Mr Inbetween, the little show that could be Australian TV folklore
It’s been almost 20 years since Scott Ryan envisioned a character destined to become part of Australian screen folklore. And a story that perfectly illustrates how, from small things, big things can grow. At the time, he was studying multimedia at RMIT. A staff member suggested that a feature film he had planned about a hitman was unlikely to be a viewer, but Ryan refused to give up on the idea. With a budget of around $ 3000, he shot the first version of The magician intermittently over a three-year period, ending with an 88-minute outage. In 2003, the film won awards at the Melbourne Underground Film Festival. But, when movie distributors weren’t flocking, he cut it down to 30 minutes and signed it up for the 2004 St Kilda Film Festival. At the behest of Sydney filmmaker Nash Edgerton, Ryan restored the film lengthwise, adding footage he’d previously discarded and generally restructuring and polishing the material. The film was released in a limited version nationwide in 2005.
A mock documentary filmed in the back alleys of Melbourne and on the outskirts of Moe, this is a low budget gem born in the wake of pulp Fiction (1995), its DNA imbued with a deliciously dark humor. The gloriously Australian mode of understatement and understatement also characterized the television series that followed.
Alas, while it eventually opened in the United States with generally positive reviews, the film made minimal deals at the Australian box office and vanished almost without a trace. What he left behind, however, is Ray, the hitman who is the main character in Mr. in-between. The series’ third and final season is currently taking place on Fox Showcase.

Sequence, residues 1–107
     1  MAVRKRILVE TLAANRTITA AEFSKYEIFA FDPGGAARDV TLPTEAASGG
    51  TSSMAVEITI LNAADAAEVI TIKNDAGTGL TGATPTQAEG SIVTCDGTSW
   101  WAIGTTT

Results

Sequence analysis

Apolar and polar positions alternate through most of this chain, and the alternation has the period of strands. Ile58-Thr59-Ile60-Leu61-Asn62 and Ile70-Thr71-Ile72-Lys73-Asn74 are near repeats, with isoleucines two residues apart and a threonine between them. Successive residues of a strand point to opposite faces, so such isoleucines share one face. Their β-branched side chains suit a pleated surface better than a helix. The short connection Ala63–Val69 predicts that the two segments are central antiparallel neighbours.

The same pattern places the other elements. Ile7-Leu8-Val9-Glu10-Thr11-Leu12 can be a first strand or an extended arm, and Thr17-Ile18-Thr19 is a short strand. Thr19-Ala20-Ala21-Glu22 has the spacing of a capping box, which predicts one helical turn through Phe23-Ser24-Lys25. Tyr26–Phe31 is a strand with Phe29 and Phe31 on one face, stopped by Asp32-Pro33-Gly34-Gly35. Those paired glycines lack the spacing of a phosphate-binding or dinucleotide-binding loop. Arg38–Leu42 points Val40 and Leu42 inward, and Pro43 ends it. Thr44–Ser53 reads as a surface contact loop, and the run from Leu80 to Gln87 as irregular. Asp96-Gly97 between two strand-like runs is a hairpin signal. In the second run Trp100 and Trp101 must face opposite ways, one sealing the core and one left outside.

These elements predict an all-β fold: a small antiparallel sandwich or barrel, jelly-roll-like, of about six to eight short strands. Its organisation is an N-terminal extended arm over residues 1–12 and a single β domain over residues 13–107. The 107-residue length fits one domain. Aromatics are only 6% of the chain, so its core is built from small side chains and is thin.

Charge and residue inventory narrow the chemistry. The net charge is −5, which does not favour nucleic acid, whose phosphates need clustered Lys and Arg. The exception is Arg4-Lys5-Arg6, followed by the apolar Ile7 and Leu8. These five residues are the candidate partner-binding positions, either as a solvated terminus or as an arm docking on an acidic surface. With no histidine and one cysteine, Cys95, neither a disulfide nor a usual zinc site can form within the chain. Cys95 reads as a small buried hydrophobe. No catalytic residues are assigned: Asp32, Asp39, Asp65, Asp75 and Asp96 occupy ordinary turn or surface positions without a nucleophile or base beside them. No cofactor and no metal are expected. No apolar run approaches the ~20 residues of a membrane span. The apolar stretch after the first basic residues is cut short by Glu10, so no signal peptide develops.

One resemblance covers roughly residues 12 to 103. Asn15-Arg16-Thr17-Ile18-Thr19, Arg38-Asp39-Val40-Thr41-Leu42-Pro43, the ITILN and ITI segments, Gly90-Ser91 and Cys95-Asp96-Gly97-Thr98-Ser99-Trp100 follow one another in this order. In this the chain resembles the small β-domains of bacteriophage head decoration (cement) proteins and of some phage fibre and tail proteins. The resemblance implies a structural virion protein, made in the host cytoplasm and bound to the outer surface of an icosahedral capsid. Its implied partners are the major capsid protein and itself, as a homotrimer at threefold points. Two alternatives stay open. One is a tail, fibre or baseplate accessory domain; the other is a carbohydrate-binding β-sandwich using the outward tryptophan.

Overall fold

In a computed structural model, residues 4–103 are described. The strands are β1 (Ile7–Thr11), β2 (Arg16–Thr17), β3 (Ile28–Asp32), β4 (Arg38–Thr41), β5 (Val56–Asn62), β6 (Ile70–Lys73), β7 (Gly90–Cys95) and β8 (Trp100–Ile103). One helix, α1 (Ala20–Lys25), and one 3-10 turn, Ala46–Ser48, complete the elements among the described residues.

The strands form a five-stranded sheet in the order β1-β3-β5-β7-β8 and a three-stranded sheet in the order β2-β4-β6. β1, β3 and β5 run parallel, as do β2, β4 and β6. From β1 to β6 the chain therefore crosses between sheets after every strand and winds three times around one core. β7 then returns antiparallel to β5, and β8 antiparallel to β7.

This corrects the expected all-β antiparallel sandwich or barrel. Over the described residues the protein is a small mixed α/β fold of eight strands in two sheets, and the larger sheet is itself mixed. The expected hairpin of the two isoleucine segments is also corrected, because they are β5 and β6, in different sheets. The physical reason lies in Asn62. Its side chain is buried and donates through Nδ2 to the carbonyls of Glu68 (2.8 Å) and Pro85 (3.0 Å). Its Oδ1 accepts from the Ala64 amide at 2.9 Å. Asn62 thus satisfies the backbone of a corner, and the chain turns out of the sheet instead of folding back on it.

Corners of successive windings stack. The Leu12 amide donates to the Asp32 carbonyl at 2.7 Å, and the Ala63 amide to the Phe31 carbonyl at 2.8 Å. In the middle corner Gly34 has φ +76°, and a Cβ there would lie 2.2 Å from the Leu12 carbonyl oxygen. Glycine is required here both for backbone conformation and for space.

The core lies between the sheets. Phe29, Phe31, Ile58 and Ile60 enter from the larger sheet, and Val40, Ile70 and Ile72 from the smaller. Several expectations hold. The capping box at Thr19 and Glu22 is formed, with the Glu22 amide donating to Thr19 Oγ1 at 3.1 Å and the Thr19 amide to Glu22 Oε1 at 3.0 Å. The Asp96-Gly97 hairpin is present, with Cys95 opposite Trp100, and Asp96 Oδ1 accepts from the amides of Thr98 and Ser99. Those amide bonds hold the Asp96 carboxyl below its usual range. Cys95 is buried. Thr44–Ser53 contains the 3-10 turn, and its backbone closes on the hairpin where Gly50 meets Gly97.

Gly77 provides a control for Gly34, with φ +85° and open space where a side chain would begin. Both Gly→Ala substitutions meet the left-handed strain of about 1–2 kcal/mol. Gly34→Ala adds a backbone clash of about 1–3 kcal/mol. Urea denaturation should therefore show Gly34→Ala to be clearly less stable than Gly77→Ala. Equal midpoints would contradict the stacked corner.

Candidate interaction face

Written by Ryan, directed by Edgerton and produced by Michele Bennett for Jungle Entertainment and Blue-Tongue Films (of which Edgerton is a founding member), the first series was made for F / X in the United States and premiered at the Sundance Film Festival in 2018. Shortly after, it screened at the Melbourne International Film Festival ahead of its TV premiere on Foxtel a few weeks later.
As The magician earned its title from Ray’s ability to wipe out bodies, Mr. in-between refers to its place in the general scheme of things. He’s the middleman: someone hires him to do “a job,” usually bar owner Freddy (Damon Herriman), and he does it to a poor, unsuspecting idiot.
The series is a portrayal of the hitman as an ordinary guy who plays by his own rules: “If I hit someone, I usually have a pretty good reason,” he explained in the first season. He cares about his family and is loyal to those he considers friends, like Gary (Justin Rosniak) and Dave (the always reliable Matt Nable). He understands why his ex-wife (Natalie Tran) jumped the fence and why his paramedic girlfriend Ally (Brooke Satchwell) might find her brutal pleas too hard to take. But he is a loving father to his now 12-year-old daughter Brittany (Chika Yasumura) and was a caring caregiver for his brother Bruce (Nicholas Cassim), who had suffered from motor neuron disease.
Ryan’s wonderful performance provides the glue that holds everything together. His character is a ruthless killer to hire, but, without taking the edge off the rough edges, the actor makes you worry about him when what you think you must be feeling is utter loathing.